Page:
Gov. DeSantis signs executive order removing Broward County sheriff

Broward County Sheriff Scott Israel.
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By: CBSMiami
January 11, 2019

FT. LAUDERDALE, Fla. (CBSMiami) – CBS4 has learned Governor Ron DeSantis signed the executive order removing embattled Broward Sheriff Scott Israel Friday afternoon while heading to the BSO parking lot.

Governor Ron DeSantis made the announcement at the Broward Sheriff’s Office headquarters just after 4:30 p.m. He was joined by Lt. Governor Jeanette Nuñez and Attorney General Ashley Moody.

To read the governor's executive order, click here.

According to Florida statute, the governor has the power to suspend the sheriff for actions such as “misfeasance” and “neglect of duty” and may fill the office by appointment for the period of suspension. The actual power to remove the sheriff from office is in the hands of the state Senate.

According to the state Senate website, it makes “final dispositions” on whether to reinstate a suspended official or remove him from office.

DeSantis named retired Coral Springs Police Sgt. Gregory Tony as Broward’s interim sheriff. Tony is the county’s first African-American sheriff, according to Politico.

Tony’s resume cites advanced degrees and he runs a company focused on active shooter training and response, including efforts to train civilians on ‘stop the bleed’ techniques.

It was reportedly Andrew Pollack, whose daughter Meadow died in the Marjory Stoneman Douglas High massacre, that recommended Tony.

While campaigning last year, DeSantis said on multiple occasions that Israel should be suspended for how he and his office handled the massacre at Marjory Stoneman Douglas High School.

Seventeen people died and 17 more were hurt on Valentine’s Day when self-confessed shooter Nikolas Cruz walked through an open gate, into the MSD freshman building and opened fire.

During a November meeting of the MSD Safety Commission, Israel was brought in to answer questions.

He was asked about a perceived lack of urgency from initial arriving deputies at the school, who, in some cases, did not immediately run toward the gunfire and did not have annual active shooter training.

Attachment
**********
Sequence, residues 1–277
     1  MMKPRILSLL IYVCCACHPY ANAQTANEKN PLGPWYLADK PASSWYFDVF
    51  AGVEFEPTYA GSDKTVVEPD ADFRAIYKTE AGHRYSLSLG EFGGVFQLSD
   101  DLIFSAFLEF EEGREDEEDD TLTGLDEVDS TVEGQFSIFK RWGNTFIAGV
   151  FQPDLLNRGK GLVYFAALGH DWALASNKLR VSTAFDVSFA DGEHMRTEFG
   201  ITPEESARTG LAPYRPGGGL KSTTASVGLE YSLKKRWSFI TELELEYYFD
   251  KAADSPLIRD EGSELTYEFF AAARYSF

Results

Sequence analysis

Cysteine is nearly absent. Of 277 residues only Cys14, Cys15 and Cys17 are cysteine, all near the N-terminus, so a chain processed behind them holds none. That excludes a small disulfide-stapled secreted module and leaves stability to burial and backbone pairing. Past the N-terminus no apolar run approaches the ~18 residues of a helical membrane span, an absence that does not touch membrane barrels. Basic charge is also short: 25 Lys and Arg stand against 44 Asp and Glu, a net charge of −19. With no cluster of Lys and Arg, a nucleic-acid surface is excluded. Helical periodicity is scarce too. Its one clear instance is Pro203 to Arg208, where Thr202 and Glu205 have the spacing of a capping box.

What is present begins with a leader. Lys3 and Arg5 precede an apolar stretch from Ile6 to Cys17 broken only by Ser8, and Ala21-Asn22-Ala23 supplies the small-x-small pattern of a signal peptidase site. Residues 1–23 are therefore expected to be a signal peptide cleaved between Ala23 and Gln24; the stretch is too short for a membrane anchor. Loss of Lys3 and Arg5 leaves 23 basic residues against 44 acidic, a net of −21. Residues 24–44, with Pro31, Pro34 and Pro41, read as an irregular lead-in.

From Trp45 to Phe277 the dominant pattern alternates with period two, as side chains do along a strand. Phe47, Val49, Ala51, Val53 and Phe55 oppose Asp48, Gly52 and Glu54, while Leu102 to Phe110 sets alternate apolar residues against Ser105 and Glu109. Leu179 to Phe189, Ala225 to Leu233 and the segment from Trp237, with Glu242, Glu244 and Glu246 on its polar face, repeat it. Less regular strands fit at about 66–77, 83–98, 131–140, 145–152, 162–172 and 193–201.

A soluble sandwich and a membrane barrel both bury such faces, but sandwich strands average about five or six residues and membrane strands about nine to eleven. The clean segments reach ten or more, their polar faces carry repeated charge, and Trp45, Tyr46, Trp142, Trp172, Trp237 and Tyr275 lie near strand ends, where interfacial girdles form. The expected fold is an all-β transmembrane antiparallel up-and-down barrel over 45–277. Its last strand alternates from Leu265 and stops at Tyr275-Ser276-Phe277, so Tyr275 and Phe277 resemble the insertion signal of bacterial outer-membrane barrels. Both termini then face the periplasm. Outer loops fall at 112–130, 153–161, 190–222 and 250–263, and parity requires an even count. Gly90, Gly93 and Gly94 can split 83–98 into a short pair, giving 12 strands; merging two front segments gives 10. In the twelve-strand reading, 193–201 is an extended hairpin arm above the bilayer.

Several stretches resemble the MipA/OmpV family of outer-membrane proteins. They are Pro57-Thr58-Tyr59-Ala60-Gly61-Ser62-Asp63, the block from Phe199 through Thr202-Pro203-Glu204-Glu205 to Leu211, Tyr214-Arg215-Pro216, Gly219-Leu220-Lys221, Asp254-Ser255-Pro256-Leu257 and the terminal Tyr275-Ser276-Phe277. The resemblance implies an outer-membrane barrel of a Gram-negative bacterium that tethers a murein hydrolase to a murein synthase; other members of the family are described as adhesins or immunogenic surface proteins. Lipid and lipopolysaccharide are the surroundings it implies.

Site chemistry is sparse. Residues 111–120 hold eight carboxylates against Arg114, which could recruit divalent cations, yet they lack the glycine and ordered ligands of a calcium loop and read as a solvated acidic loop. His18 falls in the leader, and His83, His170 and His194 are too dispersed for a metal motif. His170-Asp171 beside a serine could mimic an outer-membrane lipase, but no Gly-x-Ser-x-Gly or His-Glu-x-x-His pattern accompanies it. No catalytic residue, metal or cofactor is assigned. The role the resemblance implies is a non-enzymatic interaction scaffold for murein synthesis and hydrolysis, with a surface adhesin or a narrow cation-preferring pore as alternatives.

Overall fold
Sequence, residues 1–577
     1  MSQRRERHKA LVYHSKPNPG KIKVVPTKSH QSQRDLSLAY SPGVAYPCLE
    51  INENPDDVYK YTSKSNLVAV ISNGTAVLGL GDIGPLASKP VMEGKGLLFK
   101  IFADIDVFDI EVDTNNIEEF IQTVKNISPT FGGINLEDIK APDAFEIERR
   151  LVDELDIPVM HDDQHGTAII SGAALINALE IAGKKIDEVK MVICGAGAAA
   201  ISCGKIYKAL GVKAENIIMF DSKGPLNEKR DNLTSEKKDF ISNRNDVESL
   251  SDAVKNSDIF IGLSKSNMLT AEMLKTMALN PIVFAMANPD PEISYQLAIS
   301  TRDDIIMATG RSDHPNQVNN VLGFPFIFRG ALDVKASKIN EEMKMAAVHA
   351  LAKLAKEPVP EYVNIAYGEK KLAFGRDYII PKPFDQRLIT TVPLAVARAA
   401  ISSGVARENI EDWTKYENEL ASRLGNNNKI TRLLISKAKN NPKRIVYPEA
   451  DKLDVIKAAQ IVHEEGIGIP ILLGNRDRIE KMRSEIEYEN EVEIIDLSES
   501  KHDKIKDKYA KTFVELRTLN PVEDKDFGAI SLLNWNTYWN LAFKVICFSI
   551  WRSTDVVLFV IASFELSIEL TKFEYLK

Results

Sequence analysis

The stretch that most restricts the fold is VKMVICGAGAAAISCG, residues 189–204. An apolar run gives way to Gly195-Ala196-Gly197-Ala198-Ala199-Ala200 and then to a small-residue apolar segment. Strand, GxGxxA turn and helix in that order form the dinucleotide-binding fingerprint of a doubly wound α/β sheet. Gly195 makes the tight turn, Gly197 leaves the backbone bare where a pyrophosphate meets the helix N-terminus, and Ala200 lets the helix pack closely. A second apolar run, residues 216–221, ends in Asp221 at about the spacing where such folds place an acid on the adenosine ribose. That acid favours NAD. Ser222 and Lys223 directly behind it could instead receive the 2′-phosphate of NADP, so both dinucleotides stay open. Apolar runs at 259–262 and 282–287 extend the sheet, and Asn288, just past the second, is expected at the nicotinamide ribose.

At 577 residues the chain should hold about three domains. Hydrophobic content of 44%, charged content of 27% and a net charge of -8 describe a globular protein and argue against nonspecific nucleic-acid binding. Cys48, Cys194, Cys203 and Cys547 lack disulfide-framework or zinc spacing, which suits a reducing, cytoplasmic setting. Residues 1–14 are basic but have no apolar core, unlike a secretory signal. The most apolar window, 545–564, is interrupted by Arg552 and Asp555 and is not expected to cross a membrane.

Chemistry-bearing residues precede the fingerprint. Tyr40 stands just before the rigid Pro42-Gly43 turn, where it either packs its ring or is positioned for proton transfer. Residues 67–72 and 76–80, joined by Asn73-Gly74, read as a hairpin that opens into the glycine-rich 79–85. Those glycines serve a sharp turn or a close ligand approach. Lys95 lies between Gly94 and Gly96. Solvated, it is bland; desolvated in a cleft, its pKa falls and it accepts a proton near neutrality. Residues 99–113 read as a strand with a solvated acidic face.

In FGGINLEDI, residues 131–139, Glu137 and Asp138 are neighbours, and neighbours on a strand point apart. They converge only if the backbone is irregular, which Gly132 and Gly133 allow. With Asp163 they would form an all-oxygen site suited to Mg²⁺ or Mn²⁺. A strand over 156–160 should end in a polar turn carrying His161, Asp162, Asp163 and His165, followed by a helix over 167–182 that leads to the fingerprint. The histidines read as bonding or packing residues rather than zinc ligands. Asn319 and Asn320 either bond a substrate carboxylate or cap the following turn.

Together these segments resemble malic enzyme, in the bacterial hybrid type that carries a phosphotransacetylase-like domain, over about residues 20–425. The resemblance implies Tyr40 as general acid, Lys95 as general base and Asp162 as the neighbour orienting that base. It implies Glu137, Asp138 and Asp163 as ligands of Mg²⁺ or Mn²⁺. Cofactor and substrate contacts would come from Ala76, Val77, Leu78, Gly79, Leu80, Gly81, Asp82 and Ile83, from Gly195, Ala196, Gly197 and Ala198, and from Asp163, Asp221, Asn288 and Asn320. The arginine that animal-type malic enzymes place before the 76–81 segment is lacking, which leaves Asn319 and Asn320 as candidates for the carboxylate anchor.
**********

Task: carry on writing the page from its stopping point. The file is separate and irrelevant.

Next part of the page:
Israel said that any deputies who are found to have acted inappropriately or failed to act would be dealt with.

Commission members also grilled Israel over BSO’s policy for deputies dealing with an active shooter.

They said the policy as written provided deputy’s discretion on whether to confront the shooter.

Alaina Petty was killed in the MSD shooting. Her father Ryan said the failure of BSO deputies to rush into the freshman building to confront the shooter and an active shooter policy that allowed them to avoid doing so is evidence of a failure of leadership at the agency.

“I’ve called for Sheriff Israel to resign and he’s refused to do that so I’ve subsequently called for his removal and I hope Governor will do that today,” he said.

Petty said those in charge of responding to the shooting have not acted quickly enough or sufficiently enough to fix mistakes that happened.

“The response from those that had a responsibility to make sure our kids and our teachers were safe have still not recognized the mistakes that were made that day and tried to change them,” he said.

“I think BSO needs a different leader,” said Debbie Hixon whose husband Chris was killed in the MSD massacre.

Hixon said the inaction by multiple deputies when shots were being fired in a school building as a sign of a failure of leadership.

“They had all those other people that reacted very similar so to me that’s more of a systemic issue than it is an individual acting on his own,” she said.

Jeff Bell, the president of the Broward Sheriff’s Office Deputies Association, said the Sheriff failed to focus on training, among other criticisms.

“There’s a big cultural change that needs to happen,” he said, “I think we’re gonna get the opportunity soon.”

Israel is likely to fight the move in the Florida Senate or possibly in court.

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